A.W. Tozer, the author of The Pursuit of God, said, “There are rare Christians whose very presence incites others to be better Christians. I want to be that rare Christian.”
Years ago, I served on the board of a small Christian homeschool group. The men I served alongside might be considered what Tozer called rare Christians. Imperfect, of course, but with many qualities that I grew to admire.
I witnessed how they dealt with issues that arose in the group. I watched their carefulness as we interviewed prospective members. Even their conversations surrounding the meeting carried an appropriate degree of restraint.
Often when the meetings finished and I headed home, I found my heart stirred to know and serve God to a greater degree.
Be imitators of me, as I am of Christ (1 Corinthians 11:1).
It’s remarkable how being with people who truly love the Lord impacts your Christian walk. Their lives serve as a mirror revealing areas where there’s room for advancement. Or at least that’s what I have found to be true.
Iron sharpens iron, and one man sharpens another (Proverbs 27:17).
Reverend Tozer said that he wanted to be that rare Christian. You and I have that same desire, don’t we? We would love to have lives that cause other believers to want to be better Christians.
That’s a wonderful place to be.
Or maybe I should say it’s a wonderful place to start. Our worthwhile desires shouldn’t be a park bench where we sit and simply imagine spiritual growth. No, we’ve got to move ahead from there - with God’s help. I find it easy to become stirred, but then fail to follow those genuine stirrings with concrete action.
My dad was a farmer. There was cotton, corn, and a small garden we called a truck patch. There was an artesian well a few miles away just past the Baptist church. That was our one source of drinking water. It was free to anyone willing to go there.
Looking back at life on the farm, I don’t recall our family ever going thirsty. When we wanted water, we always followed through on that desire.
And so it should be for you and me.
We have a genuine desire to be Christians whose very presence impacts others. We can be thankful that God has brought us to that point.
But we can’t stop there.
Thus says the LORD: “Let not the wise man boast in his wisdom, let not the mighty man boast in his might, let not the rich man boast in his riches, but let him who boasts boast in this, that he understands and knows Me, that I am the Lord who practices steadfast love, justice, and righteousness in the earth. For in these things I delight, declares the LORD” (Jeremiah 9:23-24).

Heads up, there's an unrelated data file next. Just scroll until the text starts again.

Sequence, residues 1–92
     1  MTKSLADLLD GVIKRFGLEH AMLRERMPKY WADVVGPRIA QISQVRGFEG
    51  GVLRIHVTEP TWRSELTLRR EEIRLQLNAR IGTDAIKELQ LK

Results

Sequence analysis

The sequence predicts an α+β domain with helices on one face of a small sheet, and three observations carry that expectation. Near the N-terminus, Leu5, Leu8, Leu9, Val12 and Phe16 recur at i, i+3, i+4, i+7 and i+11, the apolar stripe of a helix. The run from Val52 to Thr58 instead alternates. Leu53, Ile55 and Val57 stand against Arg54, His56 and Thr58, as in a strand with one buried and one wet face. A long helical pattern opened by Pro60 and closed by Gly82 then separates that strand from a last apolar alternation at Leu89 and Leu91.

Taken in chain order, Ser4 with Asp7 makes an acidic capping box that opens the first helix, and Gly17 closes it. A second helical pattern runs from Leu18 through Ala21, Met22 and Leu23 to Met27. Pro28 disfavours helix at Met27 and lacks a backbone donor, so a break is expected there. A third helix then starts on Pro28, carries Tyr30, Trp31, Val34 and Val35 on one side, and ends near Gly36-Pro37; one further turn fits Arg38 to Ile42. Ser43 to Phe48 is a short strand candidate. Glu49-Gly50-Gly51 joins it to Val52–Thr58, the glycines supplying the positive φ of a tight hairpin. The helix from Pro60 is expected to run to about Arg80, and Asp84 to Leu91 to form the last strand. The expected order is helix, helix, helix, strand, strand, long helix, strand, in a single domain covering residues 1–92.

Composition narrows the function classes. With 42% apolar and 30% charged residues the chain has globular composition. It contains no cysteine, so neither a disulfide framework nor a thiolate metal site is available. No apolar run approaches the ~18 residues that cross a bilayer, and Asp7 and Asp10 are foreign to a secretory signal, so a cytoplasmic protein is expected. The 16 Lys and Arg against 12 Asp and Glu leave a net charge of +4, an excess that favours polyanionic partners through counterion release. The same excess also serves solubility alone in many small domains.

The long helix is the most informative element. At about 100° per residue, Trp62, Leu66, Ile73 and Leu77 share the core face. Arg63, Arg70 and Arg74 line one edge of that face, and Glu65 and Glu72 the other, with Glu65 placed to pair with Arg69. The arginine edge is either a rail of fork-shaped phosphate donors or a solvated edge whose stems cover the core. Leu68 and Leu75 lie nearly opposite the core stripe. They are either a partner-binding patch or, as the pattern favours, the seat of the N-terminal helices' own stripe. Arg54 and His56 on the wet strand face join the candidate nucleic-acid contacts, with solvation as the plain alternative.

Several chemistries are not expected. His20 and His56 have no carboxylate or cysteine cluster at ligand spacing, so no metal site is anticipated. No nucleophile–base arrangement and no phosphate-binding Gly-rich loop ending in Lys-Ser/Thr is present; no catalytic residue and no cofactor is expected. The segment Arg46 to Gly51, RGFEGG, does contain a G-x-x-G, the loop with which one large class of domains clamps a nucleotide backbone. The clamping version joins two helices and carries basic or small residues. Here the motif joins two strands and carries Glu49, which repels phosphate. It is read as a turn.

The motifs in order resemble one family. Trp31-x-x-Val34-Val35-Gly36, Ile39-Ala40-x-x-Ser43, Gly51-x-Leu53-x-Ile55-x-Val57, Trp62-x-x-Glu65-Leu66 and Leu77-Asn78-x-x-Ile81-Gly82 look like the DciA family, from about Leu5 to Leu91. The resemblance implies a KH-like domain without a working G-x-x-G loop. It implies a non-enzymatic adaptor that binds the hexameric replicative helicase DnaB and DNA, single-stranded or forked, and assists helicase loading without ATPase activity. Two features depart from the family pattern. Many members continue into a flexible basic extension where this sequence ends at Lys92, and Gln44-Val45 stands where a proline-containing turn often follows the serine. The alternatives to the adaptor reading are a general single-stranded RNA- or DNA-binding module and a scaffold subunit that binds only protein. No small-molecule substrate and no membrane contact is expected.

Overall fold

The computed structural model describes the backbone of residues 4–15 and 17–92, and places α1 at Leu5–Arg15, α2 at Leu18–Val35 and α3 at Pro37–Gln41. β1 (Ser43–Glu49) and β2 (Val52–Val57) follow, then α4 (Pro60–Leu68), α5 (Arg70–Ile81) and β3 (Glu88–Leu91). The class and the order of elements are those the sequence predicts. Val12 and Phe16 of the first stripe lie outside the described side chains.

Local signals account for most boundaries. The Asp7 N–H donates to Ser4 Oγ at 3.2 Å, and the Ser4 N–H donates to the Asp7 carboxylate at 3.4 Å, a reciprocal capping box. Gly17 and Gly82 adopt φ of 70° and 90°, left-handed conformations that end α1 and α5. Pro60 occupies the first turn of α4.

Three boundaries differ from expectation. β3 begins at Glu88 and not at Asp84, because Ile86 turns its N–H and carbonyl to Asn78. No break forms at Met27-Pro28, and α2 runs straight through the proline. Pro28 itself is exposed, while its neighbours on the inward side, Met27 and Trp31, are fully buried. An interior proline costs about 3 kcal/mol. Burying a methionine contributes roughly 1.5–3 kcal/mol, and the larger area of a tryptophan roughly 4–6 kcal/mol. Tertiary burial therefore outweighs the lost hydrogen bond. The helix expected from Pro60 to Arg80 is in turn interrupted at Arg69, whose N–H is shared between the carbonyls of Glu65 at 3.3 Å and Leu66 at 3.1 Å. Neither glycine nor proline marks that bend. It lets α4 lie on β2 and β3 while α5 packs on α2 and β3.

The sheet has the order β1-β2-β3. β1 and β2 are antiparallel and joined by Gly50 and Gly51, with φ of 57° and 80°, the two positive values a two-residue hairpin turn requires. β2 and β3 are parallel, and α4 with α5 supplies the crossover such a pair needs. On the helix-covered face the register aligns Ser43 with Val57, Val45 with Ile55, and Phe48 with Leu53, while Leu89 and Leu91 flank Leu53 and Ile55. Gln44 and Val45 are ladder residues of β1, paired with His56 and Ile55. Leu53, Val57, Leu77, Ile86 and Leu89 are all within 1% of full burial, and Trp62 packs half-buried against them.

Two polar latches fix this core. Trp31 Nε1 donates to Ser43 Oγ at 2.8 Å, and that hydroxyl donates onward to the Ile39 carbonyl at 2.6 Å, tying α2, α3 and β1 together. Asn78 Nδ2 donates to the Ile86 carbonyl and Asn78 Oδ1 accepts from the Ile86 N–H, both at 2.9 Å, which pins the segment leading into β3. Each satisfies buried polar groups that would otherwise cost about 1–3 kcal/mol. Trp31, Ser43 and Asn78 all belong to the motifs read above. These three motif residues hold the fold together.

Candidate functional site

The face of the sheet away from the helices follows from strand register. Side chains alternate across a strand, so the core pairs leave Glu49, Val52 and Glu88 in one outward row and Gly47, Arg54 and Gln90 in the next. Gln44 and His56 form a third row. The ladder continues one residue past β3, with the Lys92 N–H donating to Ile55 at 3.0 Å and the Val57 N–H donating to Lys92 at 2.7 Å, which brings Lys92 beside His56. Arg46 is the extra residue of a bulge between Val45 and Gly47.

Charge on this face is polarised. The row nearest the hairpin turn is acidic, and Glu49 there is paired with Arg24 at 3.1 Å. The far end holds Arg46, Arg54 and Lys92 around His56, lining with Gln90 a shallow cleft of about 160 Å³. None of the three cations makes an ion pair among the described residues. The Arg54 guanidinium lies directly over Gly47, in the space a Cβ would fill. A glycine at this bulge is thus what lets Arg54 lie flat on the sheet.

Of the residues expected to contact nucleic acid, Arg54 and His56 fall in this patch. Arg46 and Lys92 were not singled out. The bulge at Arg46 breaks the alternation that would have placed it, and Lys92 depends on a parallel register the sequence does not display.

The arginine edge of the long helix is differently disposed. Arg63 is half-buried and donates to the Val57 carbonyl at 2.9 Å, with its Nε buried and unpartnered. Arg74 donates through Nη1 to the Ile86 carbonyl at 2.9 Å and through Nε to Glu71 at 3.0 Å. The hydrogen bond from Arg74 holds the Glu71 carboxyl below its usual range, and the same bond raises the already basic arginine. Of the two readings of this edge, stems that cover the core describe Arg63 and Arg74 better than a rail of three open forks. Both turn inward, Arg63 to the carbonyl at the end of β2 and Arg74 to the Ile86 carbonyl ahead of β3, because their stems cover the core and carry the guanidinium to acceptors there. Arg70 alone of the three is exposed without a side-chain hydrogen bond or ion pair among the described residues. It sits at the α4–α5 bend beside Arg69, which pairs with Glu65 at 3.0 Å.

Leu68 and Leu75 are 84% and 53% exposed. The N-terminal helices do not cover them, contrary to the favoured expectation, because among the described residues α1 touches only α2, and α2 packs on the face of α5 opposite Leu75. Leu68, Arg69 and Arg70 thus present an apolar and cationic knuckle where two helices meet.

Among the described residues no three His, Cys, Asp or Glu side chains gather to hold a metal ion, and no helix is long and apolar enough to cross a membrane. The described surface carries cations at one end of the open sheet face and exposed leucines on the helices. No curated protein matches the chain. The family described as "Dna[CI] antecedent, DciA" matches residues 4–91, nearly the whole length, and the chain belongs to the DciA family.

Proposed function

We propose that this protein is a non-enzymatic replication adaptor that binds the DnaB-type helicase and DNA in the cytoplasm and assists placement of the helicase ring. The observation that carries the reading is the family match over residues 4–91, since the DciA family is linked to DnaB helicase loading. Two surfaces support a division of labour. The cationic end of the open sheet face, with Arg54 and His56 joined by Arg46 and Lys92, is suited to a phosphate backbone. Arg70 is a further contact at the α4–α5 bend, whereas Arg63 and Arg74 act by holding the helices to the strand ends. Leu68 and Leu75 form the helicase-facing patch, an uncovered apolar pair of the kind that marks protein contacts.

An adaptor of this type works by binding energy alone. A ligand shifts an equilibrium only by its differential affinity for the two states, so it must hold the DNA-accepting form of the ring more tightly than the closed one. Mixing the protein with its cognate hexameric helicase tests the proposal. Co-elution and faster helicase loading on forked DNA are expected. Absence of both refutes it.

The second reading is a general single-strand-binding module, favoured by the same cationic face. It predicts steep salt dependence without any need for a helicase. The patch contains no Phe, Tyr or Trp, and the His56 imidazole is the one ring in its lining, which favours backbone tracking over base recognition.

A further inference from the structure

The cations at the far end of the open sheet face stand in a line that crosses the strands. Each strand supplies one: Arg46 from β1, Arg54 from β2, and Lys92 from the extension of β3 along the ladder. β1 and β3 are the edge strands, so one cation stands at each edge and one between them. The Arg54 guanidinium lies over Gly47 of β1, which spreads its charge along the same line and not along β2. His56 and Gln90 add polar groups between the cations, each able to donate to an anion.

Apart from the influence of God, man takes much delight in himself. He readily boasts in his wisdom, his might, and his riches; regrettably, that’s only the shortlist.
God is not against boasting; He just wants us to boast in the right thing: that we understand and know Him.
What if we center our attention on doing just that? What if we resolve to make careful use of God’s Word and all the other means at our disposal to explore the wonder of our awe-inspiring God?
Surely the more we learn about our God the more our hearts will be captivated by Him. The greater our desire will be to embrace His commandments and live those out before Him and the world.
Will frequent sitting at the feet of our incomparable God result in us becoming those "rare Christians” that Tozer mentioned? Only God knows. I would like to think so.
I’ve got what I think is a better question for us.
Wouldn’t it please our Lord, as well as benefit our souls, to be among those Christians who consistently seek to understand and know God better? What a satisfying way to spend the rest of our lives. May God help us.
Therefore, David blessed the LORD in the presence of all the assembly. And David said: “Blessed are you, O LORD, the God of Israel our Father, forever and ever. Yours, O LORD, is the greatness and the power and the glory and the victory and the majesty, for all that is in the heavens and in the earth is yours. Yours is the kingdom, O LORD, and you are exalted as head above all. Both riches and honor come from you, and you rule over all. In your hand are power and might, and in your hand it is to make great and to give strength to all. And now we thank you, our God, and praise your glorious name” (1 Chronicles 29:10-13).